For Thine is the Kingdom,
  the power and the glory, forever and ever

    Amen.

Code: Select all

 EBONICS
Big Daddy's Rap

Yo, Big Daddy Upstairs,
You be chillin'
So be yo hood
You be sayin' it; I be doin' it
In dis hood and in Yo's
Gimme some eats

And cut me some slack
So's I be doin' it to dem dat diss me
Don't be pushin' me into no jive
And keep dem Crips away
Cuz you always be da Man

AAAAAAmen.
Is it very close to the "Message" thing?

And looking for a serious ebonics translation of all the scripture, I found "The Cotton Patch Version" and Black Bible Chronicles along with "Jesus Raps...".[/url]

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Post by vir litterarum » Wed Aug 15, 2007 7:45 pm

It's not far off from that:

The Message Lord's Prayer:

Our Father in Heaven,
Reveal who you are.
Set the world right;
Do what's best--
as above, so below.
Keep us alive with three square meals.
Keep us forgiven with you and forgiving others.
Keep us safe from ourselves and the Devil.
You're in charge!
You're ablaze in beauty!
Yes.Yes.Yes

I particularly found the "Yes. Yes. Yes." ending moving.

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Post by Arvid » Wed Aug 15, 2007 10:23 pm

I'm not qualified to have an opinion about the accuracy of the translation in the King James Version; the consensus seems to be that for 1611 it was pretty good. As a devout atheist, I still consider it one of the greatest, most majestic pieces of writing in the English language. It's funny that while Shakespeare tried to keep his language modern and up to the minute, we need half a page of footnotes on every page to understand him, whereas the KJV is purposely archaic in its language, and we have no trouble understanding it. I wasn't aware of the NIV (New International Version?) before this, but this is just pathetic!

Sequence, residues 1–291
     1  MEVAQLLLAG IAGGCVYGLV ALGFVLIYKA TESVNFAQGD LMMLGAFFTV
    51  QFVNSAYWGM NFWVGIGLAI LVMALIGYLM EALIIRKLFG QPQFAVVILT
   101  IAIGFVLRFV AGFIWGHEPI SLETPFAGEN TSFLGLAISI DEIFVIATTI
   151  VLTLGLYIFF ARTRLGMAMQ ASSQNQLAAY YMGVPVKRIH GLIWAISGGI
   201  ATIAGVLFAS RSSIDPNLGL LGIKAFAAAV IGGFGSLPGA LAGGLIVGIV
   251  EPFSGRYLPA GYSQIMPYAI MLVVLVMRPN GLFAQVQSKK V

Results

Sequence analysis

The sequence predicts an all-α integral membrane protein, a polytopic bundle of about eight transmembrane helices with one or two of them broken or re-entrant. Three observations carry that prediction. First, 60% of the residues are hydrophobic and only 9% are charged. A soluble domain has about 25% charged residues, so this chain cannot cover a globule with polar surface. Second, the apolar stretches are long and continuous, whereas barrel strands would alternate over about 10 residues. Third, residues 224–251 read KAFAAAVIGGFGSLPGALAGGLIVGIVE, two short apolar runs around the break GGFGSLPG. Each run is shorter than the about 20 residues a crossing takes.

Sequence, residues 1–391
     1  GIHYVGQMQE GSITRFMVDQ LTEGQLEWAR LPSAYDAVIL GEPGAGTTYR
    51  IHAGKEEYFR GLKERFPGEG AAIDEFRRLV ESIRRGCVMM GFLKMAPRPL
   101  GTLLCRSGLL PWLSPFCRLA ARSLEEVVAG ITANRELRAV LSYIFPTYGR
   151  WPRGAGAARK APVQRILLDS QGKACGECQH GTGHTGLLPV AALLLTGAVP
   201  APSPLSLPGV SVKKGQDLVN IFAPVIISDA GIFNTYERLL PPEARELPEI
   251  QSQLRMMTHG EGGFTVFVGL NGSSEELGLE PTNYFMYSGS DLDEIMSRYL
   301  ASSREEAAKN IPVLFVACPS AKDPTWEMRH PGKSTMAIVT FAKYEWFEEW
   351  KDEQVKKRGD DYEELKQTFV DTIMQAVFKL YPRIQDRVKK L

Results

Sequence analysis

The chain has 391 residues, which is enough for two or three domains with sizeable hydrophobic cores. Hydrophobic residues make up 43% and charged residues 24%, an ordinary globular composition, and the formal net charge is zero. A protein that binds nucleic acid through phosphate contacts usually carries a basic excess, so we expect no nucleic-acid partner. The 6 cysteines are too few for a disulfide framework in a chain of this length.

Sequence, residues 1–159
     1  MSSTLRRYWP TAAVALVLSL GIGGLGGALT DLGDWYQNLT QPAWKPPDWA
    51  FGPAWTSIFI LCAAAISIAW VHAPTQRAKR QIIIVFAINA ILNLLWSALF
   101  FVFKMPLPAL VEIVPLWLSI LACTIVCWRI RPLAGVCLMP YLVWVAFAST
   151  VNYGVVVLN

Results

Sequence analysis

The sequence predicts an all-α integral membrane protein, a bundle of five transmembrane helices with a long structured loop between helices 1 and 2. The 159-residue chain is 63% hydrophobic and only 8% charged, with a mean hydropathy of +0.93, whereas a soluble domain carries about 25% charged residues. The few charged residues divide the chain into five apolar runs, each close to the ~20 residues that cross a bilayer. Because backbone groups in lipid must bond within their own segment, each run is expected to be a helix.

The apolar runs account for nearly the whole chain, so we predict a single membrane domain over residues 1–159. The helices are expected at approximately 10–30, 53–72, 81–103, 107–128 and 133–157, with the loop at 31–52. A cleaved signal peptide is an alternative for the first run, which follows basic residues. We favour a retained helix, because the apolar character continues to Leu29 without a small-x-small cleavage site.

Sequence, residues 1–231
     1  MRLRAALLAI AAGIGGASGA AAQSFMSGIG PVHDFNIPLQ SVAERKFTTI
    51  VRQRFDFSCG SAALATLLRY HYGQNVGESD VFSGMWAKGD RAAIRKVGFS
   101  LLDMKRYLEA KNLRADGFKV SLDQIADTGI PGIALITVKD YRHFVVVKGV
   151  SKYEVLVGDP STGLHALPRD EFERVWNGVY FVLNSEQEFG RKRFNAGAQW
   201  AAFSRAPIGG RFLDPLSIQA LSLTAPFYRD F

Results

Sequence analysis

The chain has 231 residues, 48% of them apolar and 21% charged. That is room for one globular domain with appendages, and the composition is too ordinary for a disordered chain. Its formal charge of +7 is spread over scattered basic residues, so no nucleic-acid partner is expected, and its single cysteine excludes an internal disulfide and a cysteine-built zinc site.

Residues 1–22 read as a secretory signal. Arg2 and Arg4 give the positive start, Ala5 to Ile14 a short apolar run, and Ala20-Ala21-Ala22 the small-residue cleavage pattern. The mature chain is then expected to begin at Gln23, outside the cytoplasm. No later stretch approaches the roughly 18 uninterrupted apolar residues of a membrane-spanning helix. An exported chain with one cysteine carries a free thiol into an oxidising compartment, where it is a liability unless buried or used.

phpbb

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Post by Bert » Thu Aug 16, 2007 12:53 am

vir litterarum wrote:It's not far off from that:

The Message Lord's Prayer:

Our Father in Heaven,
Reveal who you are.
Set the world right;
Do what's best--
as above, so below.
Keep us alive with three square meals.
Keep us forgiven with you and forgiving others.
Keep us safe from ourselves and the Devil.
You're in charge!
You're ablaze in beauty!
Yes.Yes.Yes

I particularly found the "Yes. Yes. Yes." ending moving.
I have heard of "The Message" but never read it. I have read about enough now I think.

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Post by klewlis » Thu Aug 16, 2007 2:24 am

Arvid wrote:I'm not qualified to have an opinion about the accuracy of the translation in the King James Version; the consensus seems to be that for 1611 it was pretty good. As a devout atheist, I still consider it one of the greatest, most majestic pieces of writing in the English language. It's funny that while Shakespeare tried to keep his language modern and up to the minute, we need half a page of footnotes on every page to understand him, whereas the KJV is purposely archaic in its language, and we have no trouble understanding it. I wasn't aware of the NIV (New International Version?) before this, but this is just pathetic!
the NIV is actually a very good translation--the examples given on this page are not from the NIV, but from the Message.

King James was ok for its time, but is extremely outdated now--a major part of the problem is that it was translated from faulty texts. The texts available to us now are more accurate and complete.